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When police officers die, the funeral must attend to many

ST. PETERSBURG — There will be horses and police dogs and caravans of squad cars. A dove release, a fly over and a 21-gun salute.

Two grieving families. And strangers, thousands of strangers.

The funeral today for two slain St. Petersburg police officers will be a carefully coordinated union of private sorrow and public ceremony.

That is how police funerals tend to work. Families and colleagues get to pay tribute and a reeling community does, too.

It's why the memorial service for officers Jeffrey A. Yaslowitz and Thomas J. Baitinger will be held at the First Baptist Church on Gandy Boulevard, a location chosen not for its personal significance, but for its size.

It's why the Tampa Police Department sent two funeral commanders across the bay to help with logistics.

It's why about 300 people gathered at the church Thursday morning to rehearse each detail of the service.

"St. Petersburg hasn't had to do this recently," Tampa police Lt. Ruben Delgado said. But "they have truly stepped up and taken care of their two guys."

The community outpouring during a personal nightmare still moves one police widow to tears 13 years later.

Detectives Ricky Childers and Randy Bell received their final police honors at the Tampa Convention Center. It wasn't a typical place of worship, but the atmosphere was appropriately somber, Vickie Childers-Metzler said. She didn't even notice the media cameras.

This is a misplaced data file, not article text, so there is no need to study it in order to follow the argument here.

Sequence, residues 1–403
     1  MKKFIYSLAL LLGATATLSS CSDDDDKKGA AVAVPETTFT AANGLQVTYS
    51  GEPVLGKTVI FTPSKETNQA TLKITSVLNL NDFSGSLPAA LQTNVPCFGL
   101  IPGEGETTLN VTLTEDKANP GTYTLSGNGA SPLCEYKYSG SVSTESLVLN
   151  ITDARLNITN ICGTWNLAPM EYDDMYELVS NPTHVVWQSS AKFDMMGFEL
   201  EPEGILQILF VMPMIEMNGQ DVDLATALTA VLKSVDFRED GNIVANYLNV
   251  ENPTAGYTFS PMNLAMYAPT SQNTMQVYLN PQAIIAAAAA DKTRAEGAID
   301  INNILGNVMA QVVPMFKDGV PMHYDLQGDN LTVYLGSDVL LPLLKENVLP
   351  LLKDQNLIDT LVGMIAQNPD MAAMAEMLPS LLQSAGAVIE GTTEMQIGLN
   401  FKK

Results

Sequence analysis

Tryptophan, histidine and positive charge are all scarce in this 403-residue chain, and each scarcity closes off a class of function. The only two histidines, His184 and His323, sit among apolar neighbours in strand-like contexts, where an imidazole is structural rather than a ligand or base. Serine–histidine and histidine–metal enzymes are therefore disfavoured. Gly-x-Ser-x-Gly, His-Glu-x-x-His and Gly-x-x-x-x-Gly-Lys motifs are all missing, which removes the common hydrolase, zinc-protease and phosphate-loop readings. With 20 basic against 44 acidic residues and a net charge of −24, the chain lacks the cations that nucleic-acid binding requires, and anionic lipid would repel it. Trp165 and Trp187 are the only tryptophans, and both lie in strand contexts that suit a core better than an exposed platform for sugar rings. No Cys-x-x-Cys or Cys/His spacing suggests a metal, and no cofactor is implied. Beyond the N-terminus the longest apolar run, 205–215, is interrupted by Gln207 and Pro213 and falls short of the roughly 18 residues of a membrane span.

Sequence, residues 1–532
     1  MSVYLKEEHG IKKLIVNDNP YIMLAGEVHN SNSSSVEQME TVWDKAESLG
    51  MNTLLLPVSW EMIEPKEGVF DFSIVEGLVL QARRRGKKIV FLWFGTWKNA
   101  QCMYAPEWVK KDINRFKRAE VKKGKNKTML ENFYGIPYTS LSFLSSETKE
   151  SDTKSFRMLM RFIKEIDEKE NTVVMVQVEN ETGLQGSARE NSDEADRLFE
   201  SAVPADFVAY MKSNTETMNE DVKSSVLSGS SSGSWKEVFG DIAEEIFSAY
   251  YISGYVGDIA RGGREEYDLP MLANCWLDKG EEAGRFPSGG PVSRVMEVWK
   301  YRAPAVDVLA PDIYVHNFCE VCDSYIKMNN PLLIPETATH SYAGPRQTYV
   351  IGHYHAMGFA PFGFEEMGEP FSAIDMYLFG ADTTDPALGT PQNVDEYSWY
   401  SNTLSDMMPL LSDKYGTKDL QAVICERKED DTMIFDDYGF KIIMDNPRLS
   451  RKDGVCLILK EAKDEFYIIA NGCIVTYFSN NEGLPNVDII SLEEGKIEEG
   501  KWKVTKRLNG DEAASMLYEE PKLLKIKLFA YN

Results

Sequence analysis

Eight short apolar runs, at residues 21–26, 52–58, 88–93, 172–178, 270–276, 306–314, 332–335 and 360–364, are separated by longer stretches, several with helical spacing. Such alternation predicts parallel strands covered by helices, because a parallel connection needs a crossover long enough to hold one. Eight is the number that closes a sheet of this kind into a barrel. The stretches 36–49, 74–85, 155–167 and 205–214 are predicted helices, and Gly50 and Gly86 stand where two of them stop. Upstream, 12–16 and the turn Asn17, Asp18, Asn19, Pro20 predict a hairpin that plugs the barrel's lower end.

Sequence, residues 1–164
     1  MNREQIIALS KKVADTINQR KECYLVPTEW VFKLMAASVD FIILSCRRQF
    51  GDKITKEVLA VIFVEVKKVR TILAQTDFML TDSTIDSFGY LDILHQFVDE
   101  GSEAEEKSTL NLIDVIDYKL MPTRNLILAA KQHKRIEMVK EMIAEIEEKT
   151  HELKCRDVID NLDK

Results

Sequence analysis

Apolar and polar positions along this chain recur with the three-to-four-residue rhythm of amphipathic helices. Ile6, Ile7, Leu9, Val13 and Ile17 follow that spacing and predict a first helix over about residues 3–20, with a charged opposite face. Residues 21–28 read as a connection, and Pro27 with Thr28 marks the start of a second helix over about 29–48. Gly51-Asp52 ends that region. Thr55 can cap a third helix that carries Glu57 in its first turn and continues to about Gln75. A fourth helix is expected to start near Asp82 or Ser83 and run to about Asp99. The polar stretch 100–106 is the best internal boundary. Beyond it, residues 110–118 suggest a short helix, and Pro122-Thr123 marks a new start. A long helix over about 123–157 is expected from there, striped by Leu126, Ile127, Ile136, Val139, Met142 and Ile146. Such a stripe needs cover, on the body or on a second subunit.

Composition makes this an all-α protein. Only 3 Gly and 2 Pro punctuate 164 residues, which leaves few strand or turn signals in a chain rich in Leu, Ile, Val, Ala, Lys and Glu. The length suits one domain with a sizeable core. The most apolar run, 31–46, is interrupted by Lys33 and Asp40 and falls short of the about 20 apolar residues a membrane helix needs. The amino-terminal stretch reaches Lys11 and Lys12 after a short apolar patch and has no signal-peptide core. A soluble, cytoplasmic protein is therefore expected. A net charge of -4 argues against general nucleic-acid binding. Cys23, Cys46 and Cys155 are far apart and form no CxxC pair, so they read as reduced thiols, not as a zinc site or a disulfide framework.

Her lasting memory is of the spectators who stood along the procession route to pay respects.

"That was one of the most uplifting things for me," she said. "It's a very proud moment because they realize what you sacrificed."

Law enforcement takes pains to ensure family wishes are not lost in the public nature of the event. Pastors from the officers' home churches typically participate.

When two officers are honored with a single service, extra care is taken to fulfill the expectations of both families, Delgado said.

Last year, he helped coordinate the joint funeral for Tampa police officers David Curtis and Jeffrey Kocab at Idlewild Baptist Church. The widows agreed on the location and other major decisions, Delgado said. Then police made individual accommodations, such as giving one family time to pray the rosary.

"Both families realize the magnitude of a loss like this to the agency," he said. "They realized that their two husbands died together, and they were going to be properly honored by us."

St. Petersburg police spokesman Mike Puetz said the widows of Yaslowitz and Baitinger were consulted on the funeral setting, music and speakers.

"I think they were involved with virtually everything," Puetz said. "It's for them. The other part of this is for the extended law enforcement family. But at the end of the day, it's their decision."

Times staff writer Jamal Thalji and researcher John Martin contributed to this report. Colleen Jenkins can be reached at [email protected] or (813) 226-3337.

When police officers die, the funeral must attend to many 01/27/11 [Last modified: Friday, January 28, 2011 2:22pm]
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